The other day, Dahlia Lithwick, wrote an article in Slate about Parental Alienation Syndrome called, “Mommy Hates Daddy, and You Should Too: The extraordinary fight over ‘parental alienation syndrome’ and what it means for divorce cases.” A friend shared it with me, and it made me fairly angry, so I took some of my own advice and waited to respond rather than react. But I think the existence of this article says a lot about what we need to do as a profession in terms of changing the rules . . . for ourselves and the families we serve.
First, why was I angry? Personally, I have a lot of respect for Dahlia Lithwick. Other than family law, the class I loved most in law school was constitutional law, and Lithwick used to write the Supreme Court articles for the New York Times. She was great at seeing all sides of an issue. In fact, the same friend who share this post with me shared her other one – a post about how we might need to think judicial review. That is a radical idea, and one with which she admitted she was uncomfortable, but she wrote about it anyway because it is an important issue to consider.
Thus, I was most upset by the fact that her article is so one-sided on a topic that has layers and layers and layers of complexity. The article is about the impending decision on whether to include Parental Alienation Syndrome (“PAS”) in the Diagnostic and Statistical Manual V (“DSM”). The Association of Family and Conciliation Courts conference had a plenary on this last year in Denver (and their conference in Orlando is coming up next week). This is an important issue, and it requires more than a single post on Slate to discuss, perhaps most because of something Lithwick points out herself, “The most worrisome aspect of the legal fight over parental alienation syndrome may be that it divides supporters and opponents along strict gender lines: As a rule, this is classed as a women's sickness alleged by men.” What this means is that it is an emotional issue for many people, and it forces people to take sides. The debate keeps people from hearing the other side. Each side has its experts and supporters, and if left to this status quo, the discussion could stay there. There are many willing to have the discussion, but when the loudest people are the ones fortifying the divide, their voices are silenced.
Lithwick then takes the big picture approach and chooses one side, so much so that she denies those opposed to her viewpoint any ability to think rationally in her worldview. She says, “There are a lot of websites, experts, and emotion invested in this debate. But there aren't two empirical sides. There is science, and then there is passionate non-science.” She bases this statement on the fact that many well-respected organizations in the United States have recognized that the theory underpinning PAS is invalid, including the American Psychiatric Association, the American Medical Association, and the National Council of Juvenile and Family Court Judges.
Lithwick gets close to the real issue when she discusses the people who talk about PAS not as a syndrome, but as a set of behaviors. It was there that my anger almost dissipated . . . until she failed to continue down that path. She did what the system tends to do so often, and what harms the families who enter it so much – she paid short shrift to the real issue, to the difficult discussion, to the nitty gritty, instead focusing on words and symptoms that have broad meaning and little meaning to individual people. She used her platform to silence the gray areas, and she fortified the black and white positions.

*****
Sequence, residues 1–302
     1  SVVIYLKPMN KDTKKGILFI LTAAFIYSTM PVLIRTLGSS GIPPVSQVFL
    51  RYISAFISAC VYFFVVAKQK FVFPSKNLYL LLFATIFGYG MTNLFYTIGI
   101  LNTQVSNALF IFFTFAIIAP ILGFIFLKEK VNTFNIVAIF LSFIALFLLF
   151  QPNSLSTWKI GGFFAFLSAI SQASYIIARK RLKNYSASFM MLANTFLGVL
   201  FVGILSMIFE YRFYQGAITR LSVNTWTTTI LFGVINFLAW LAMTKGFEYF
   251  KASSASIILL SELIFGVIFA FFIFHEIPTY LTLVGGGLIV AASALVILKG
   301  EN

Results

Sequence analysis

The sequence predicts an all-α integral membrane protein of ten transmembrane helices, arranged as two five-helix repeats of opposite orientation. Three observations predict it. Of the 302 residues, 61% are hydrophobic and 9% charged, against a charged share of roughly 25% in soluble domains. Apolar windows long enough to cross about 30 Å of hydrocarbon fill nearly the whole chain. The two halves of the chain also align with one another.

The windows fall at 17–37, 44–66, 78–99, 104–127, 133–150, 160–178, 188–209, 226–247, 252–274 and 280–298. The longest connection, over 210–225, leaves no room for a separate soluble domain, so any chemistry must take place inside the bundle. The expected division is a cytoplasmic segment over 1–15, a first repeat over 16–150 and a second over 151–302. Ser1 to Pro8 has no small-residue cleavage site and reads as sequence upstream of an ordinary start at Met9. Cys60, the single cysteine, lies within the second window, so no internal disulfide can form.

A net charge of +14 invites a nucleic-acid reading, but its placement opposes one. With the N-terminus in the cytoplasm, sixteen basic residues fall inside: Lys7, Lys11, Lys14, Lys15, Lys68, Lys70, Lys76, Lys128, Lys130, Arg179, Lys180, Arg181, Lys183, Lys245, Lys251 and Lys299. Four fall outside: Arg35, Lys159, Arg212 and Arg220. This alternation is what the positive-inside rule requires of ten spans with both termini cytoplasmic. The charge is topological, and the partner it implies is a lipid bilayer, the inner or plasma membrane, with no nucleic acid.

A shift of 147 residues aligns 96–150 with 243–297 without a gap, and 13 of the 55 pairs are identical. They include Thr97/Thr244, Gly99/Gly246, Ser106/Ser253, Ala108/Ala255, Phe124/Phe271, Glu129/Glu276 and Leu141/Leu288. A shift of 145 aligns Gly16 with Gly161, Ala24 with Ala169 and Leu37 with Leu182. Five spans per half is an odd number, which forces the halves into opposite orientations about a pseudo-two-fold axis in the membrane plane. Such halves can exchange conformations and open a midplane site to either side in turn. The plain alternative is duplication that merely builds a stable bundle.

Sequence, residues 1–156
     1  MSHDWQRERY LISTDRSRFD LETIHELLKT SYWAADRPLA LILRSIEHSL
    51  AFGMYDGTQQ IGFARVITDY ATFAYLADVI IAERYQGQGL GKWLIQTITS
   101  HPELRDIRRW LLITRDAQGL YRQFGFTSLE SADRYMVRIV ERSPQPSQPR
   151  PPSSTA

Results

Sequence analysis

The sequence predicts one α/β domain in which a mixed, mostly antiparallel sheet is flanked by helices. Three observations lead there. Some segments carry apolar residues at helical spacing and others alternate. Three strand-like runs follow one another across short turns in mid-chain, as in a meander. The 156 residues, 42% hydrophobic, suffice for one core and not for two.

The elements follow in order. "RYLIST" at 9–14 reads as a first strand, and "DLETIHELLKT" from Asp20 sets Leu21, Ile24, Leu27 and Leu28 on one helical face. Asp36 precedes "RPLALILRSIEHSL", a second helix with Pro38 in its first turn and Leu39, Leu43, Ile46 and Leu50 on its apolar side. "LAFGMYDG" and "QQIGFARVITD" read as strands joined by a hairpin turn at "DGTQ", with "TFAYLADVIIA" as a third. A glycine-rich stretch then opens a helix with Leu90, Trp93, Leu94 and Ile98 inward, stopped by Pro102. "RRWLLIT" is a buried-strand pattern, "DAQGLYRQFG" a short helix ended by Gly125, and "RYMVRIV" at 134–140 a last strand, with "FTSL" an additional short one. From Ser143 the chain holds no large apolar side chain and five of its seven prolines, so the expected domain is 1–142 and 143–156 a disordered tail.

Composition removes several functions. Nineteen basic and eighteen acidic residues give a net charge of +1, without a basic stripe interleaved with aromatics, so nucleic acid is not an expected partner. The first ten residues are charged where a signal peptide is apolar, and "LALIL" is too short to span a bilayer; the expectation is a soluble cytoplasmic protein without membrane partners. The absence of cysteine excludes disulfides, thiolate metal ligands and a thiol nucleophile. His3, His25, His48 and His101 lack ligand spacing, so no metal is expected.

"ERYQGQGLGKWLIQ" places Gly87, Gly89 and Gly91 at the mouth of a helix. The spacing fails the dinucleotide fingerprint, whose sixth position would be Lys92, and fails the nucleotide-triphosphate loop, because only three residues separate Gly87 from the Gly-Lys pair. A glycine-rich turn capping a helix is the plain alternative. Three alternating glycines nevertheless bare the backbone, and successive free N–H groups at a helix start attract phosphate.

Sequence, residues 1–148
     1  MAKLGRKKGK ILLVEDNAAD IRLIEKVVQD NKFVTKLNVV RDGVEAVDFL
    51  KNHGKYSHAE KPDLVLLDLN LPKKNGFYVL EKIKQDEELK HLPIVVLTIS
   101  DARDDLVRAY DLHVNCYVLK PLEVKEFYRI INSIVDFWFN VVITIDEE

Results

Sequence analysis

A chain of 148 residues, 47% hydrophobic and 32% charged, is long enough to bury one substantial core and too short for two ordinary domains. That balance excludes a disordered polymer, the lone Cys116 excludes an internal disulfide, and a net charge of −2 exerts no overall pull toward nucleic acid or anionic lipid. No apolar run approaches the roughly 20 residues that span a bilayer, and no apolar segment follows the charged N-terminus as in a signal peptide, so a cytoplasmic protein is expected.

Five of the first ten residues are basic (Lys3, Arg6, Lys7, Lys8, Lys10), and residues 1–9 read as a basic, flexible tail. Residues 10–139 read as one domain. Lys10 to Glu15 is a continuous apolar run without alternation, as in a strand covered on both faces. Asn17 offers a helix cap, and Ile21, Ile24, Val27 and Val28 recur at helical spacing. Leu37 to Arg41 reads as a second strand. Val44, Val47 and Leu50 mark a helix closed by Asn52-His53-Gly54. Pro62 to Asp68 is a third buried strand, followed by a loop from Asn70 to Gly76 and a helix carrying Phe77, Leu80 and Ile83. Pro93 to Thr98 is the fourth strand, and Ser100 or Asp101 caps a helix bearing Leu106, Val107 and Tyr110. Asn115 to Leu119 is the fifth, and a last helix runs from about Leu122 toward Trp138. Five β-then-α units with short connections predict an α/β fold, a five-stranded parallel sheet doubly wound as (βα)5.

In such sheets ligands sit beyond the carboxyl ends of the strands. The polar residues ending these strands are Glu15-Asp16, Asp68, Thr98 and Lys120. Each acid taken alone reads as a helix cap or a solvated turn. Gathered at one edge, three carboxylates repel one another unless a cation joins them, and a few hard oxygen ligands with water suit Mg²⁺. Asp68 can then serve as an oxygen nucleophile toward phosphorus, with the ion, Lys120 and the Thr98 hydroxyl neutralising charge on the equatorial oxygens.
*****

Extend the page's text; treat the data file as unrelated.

Thus, the biggest danger I see with Lithwick’s article is the fact that it is in Slate, and she is so well respected. People have reason to believe it tells a fair story. But what it does is exactly what the system often forces people to do – it pits one side against the other with no space for gray. It says that one side is supported by science and the other side only by passion. Even the title of the piece hits this dichotomy – it only refers to divorce, as though divorce is the only time that the issues surrounding alienation can occur. It is not.
The truth is much grayer, and the one thing for which I am most grateful to Lithwick is that she inspired me to go down the path of PAS so soon. Therefore, the next post will focus on this gray area, on the debate's substance. But the point for this post is that we can have our discussions as professionals, and we can discuss best practices and how to help children and families, but one of the most important things we can do is educate – educate our clients, educate the public, and even educate the media. We can educate that life need not be so black and white even in an adversarial system (which hopefully will change as well).
We need to move into the gray. We need to have the truly difficult discussions without thinking that one side is fully supported by science and the other side only by passion, as though being driven by emotion is a problem. Families are about emotion. They are also about science. But most importantly they are individualistic, and when we start thinking too globally we lose sight of the very people standing right in front of us.
I think the world of Dahlia Lithwick, and I hope that she joins this discussion with all of its nuance. I think she has a platform from which she can spread great information. But it needs to be fully engaged. In the next post, we will discuss more of the gray that surrounds PAS or the behaviors that have led people to believe that a syndrome is gospel.
What did you think when you read her article?
© 2011 Rebecca Stahl, all rights reserved